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Why Failing Fast Is Not The Point

You know how success coaches and such tend to repeat the mantra:

“If you want to succeed, double your rate of failure.”

There IS a seed of truth in that, but it can easily derail you. I’ll explain.

Head in Hands
Creative Commons License photo credit: Alex E. Proimos

Failure is NOT the point. Failure can be a terrible teacher, unless you’re very careful, very lucky, and very AWAKE. For many people, failure can be crushing.

What then, IS the point?

The point is, if you’re engaged in an activity aimed at achieving something… whether you succeed or fail, at least it shows you’ve begun your journey!

Most people who claim they’ve failed at something – say, creating an online business – haven’t really honestly tried.

If I were to ask you to point out the things you actually did and failed at, would you be able to do so?

This is often where there’s a blank stare as the respondent’s mind skips a few beats as they realize they just thought about doing it.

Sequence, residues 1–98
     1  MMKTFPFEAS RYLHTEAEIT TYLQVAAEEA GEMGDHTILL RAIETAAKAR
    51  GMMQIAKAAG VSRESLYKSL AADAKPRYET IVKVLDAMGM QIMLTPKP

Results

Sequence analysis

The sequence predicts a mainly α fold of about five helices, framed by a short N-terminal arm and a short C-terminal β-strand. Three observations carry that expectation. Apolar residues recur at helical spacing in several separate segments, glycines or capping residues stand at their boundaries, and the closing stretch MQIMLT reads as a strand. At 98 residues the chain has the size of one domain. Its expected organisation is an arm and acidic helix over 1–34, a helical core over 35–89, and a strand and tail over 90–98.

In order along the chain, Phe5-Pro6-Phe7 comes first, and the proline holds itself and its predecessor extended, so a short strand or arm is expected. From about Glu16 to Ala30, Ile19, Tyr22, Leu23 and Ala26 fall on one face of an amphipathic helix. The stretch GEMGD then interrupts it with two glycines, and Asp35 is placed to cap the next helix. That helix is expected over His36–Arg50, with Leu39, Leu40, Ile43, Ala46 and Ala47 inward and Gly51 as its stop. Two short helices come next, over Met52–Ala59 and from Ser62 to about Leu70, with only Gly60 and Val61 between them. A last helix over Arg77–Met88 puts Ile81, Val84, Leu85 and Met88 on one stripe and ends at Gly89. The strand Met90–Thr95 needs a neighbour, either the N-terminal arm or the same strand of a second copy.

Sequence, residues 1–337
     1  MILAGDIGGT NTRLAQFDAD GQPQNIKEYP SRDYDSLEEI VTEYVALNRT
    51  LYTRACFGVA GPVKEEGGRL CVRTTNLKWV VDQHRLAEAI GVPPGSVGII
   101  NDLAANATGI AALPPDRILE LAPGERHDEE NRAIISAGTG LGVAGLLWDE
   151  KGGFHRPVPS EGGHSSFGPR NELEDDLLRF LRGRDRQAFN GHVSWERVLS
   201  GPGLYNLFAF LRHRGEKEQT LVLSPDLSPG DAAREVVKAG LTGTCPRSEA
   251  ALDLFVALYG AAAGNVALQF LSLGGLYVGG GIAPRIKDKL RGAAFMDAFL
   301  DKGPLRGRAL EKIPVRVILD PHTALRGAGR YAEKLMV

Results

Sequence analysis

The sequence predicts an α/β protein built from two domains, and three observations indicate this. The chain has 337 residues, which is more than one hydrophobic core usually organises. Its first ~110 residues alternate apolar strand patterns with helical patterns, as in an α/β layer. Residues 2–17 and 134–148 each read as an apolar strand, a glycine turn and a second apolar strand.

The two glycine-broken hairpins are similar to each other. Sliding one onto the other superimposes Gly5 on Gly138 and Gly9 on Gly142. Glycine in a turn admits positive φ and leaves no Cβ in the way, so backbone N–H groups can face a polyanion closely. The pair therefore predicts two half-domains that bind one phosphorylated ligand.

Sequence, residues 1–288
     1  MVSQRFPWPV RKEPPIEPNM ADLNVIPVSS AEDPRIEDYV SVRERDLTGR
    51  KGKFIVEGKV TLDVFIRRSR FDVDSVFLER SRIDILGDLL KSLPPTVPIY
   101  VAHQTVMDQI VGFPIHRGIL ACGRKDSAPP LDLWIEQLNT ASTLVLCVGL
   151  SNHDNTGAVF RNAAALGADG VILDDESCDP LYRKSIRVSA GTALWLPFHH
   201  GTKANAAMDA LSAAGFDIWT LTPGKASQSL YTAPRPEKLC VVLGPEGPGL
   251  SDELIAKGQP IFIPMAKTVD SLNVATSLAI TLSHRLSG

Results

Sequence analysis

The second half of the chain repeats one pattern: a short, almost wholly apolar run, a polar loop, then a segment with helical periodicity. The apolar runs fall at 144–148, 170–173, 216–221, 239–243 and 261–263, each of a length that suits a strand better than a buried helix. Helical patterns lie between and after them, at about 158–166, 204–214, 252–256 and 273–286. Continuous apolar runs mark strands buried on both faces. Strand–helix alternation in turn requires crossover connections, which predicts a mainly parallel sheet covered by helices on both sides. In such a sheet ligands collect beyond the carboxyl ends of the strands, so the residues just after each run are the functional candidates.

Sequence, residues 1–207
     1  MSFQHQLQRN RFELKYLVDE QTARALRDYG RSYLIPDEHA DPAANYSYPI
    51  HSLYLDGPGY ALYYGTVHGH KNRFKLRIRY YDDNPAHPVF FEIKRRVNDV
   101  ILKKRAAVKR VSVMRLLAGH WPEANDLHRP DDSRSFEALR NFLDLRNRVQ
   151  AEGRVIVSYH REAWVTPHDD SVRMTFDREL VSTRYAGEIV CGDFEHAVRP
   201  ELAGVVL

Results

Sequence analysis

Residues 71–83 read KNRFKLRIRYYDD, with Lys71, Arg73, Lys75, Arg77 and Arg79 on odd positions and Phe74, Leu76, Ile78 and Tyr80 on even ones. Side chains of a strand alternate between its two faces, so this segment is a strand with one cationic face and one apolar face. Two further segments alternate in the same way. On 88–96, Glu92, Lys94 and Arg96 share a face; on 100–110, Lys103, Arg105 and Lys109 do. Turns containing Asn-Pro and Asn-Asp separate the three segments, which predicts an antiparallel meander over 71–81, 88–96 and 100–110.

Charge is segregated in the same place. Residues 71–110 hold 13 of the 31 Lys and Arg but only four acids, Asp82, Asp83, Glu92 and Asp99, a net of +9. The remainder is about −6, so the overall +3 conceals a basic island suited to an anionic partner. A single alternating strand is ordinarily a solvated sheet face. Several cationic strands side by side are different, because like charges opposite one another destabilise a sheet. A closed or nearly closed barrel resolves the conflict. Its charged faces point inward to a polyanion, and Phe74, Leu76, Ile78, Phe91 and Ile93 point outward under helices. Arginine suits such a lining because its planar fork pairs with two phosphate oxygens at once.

Did you REALLY put pen to paper creating a product, instead of just hashing out ideas for it?

Did you REALLY install that membership software and do your best creating a site, or did you stop at the thought of it?

Did you REALLY try to write that sales letter the best you can, or did you just discourage yourself from doing it?

It’s really strange but I’ve caught many clients in this predicament, and myself at times for sure as well. Progressively less so, though, fortunately.

Isn’t it strange how we sometimes trick ourselves to not risk failure just to preserve some modicum of self-respect?

The next time you need to start something unpleasant or something you feel you’re not good enough to do, not quite ready or so… do it anyway, not to fail fast but to enjoy stepping into the journey. The rest gets easier as you go along.

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